Verseon Reports First Dosing in Phase 1 Trial on New Precision Oral Anticoagulant
Verseon’s phase 1 trial in healthy volunteers, which started dosing last week, could lead to a new treatment standard for millions of cardiac patients who would benefit from long-term therapy with both antiplatelet and anticoagulant drugs. Current anticoagulants (NOACs, novel oral anticoagulants) substantially increase major bleeding events, a potentially fatal side effect, especially when they are administered together with antiplatelet drugs.
Preclinical studies found that Verseon’s PROACs (precision oral anticoagulants) have similar efficacy to NOACs but with considerably reduced bleeding, a unique combination. In particular, PROACs have demonstrated the ability to prevent the formation of blood clots without disrupting platelet function.
These results suggest that VE-1902, the drug candidate presently in clinical trials, and other PROACs in Verseon’s pipeline may be safer than current therapies when administered in combination with one or more antiplatelet agents (e.g. aspirin, PlavixTM) for the long-term prevention of stroke and heart attack in coronary artery disease patients.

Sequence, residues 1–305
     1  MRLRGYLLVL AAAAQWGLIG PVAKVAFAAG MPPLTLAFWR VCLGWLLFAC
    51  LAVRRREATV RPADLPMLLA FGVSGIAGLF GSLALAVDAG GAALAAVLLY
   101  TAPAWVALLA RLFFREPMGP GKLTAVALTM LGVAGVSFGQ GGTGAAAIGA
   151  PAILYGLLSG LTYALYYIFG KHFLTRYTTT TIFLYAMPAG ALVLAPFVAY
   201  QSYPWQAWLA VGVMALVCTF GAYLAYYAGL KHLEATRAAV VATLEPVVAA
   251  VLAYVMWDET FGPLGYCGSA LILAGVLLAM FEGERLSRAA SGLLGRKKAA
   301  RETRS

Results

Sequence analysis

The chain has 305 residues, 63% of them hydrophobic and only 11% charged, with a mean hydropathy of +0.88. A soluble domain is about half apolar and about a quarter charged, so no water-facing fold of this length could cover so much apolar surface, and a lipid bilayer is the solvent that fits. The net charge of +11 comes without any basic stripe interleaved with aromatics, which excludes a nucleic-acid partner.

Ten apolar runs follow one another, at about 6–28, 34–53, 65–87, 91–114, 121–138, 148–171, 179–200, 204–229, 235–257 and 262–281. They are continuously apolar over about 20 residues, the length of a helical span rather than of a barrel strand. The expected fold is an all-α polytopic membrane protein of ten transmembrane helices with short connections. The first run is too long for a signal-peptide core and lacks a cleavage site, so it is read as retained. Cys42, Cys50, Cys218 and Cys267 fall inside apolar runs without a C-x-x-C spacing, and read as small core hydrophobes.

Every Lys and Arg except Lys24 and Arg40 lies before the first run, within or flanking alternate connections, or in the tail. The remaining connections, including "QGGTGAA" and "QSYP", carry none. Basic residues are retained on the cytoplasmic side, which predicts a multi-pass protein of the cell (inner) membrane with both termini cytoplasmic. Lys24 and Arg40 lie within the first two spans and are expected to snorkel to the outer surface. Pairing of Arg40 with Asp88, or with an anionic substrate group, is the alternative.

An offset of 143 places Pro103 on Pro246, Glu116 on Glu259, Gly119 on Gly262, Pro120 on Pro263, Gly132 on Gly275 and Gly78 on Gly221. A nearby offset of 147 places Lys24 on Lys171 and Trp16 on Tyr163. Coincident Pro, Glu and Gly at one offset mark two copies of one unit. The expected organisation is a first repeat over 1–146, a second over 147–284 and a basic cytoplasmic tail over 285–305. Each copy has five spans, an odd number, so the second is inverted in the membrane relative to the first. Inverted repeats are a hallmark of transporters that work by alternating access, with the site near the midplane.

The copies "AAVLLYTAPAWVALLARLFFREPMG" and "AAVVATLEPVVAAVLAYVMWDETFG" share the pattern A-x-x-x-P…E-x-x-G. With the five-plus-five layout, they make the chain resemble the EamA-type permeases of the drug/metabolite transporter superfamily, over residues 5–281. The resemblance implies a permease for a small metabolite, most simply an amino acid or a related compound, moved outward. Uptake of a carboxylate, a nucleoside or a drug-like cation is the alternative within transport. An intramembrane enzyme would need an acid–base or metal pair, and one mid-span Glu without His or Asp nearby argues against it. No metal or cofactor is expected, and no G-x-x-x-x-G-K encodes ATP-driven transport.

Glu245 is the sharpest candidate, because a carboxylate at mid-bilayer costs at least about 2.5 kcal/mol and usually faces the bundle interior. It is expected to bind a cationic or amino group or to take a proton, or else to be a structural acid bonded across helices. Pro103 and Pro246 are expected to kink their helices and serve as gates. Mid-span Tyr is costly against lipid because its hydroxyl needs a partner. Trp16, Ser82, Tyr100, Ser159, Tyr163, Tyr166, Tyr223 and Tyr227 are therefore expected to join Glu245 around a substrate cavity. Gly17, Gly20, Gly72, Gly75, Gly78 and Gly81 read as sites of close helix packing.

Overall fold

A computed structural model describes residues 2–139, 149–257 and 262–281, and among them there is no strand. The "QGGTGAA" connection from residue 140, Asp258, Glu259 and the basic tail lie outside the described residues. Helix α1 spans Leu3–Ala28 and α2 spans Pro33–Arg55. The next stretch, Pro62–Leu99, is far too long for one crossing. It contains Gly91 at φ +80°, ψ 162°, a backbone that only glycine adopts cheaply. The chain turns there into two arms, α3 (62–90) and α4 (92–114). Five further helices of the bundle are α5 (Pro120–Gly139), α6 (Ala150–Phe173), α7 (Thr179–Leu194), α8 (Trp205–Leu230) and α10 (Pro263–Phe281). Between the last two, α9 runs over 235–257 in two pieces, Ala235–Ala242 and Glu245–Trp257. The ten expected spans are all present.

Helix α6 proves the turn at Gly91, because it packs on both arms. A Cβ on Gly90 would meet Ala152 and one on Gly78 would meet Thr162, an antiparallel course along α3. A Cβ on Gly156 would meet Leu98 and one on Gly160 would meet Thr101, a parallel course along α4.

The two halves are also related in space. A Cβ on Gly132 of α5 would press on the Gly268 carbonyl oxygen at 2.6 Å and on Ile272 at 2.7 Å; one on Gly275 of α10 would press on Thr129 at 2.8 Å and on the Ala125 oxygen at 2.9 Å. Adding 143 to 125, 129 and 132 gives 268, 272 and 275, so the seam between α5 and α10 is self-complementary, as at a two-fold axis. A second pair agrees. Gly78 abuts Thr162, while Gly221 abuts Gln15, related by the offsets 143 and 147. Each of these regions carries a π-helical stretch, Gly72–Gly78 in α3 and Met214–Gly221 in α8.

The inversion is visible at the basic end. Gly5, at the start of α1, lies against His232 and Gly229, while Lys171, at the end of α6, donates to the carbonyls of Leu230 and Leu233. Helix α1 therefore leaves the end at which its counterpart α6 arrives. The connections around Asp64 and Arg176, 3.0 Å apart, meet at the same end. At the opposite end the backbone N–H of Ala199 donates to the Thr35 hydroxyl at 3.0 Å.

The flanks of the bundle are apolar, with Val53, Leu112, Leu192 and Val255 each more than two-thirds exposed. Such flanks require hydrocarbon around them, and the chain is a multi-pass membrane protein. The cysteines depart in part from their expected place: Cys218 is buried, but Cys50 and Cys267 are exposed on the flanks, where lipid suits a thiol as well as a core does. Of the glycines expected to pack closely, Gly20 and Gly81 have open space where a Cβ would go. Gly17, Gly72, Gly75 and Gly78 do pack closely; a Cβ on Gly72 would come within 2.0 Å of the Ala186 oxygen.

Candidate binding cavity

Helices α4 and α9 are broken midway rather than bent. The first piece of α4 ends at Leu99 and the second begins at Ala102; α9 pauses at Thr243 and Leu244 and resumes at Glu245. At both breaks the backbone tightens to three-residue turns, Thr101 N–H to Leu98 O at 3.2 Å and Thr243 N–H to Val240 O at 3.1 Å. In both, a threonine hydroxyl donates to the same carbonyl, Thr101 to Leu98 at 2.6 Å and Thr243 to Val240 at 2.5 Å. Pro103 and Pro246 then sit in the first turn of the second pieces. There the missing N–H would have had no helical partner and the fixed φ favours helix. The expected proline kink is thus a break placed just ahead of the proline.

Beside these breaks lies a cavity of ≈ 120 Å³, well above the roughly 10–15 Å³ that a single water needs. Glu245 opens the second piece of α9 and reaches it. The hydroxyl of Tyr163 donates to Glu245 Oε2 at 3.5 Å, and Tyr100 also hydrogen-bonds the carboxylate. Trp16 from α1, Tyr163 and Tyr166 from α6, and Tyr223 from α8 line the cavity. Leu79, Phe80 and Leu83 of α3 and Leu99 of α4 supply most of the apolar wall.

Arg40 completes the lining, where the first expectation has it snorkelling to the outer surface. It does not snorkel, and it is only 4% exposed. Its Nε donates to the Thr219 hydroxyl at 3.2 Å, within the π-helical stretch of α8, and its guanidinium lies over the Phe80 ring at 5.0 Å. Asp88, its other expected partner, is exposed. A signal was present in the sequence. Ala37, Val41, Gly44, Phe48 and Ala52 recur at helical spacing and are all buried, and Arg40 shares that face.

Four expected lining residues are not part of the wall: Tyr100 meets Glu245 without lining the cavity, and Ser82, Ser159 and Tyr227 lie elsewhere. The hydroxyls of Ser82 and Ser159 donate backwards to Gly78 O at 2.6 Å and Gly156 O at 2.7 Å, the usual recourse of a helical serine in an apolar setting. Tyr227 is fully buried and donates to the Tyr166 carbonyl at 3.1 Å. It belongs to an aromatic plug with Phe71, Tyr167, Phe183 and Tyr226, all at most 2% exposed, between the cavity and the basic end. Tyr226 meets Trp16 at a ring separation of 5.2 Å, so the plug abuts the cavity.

The ongoing phase 1 trial, which is a single-center, double-blinded, randomized, placebo-controlled study assessing the safety, tolerability, and composite hemostatic profile of Verseon’s lead PROAC VE-1902, is expected to continue dosing through Q3 2019 with first results in Q4 2019.
“These new precision anticoagulants have the potential to improve the standard of care for the millions of patients in need of prolonged anti-clotting therapy to reduce complications including stroke, heart attack, and bleeding,” commented Professor Keith Fox, Duke of Edinburgh Professor of Cardiology at the University of Edinburgh.
Verseon’s second PROAC candidate, VE-2851, is expected to enter clinical trials later in 2019. Although VE-1902 and VE-2851 share the same preclinical profile of clot prevention without disruption of platelet function, they are from different chemical families. Access to such novel chemical compounds is a key strength of Verseon’s unique computational drug discovery platform, which has also produced groundbreaking new drug candidates for diabetic macular edema, hereditary angioedema, and oncology.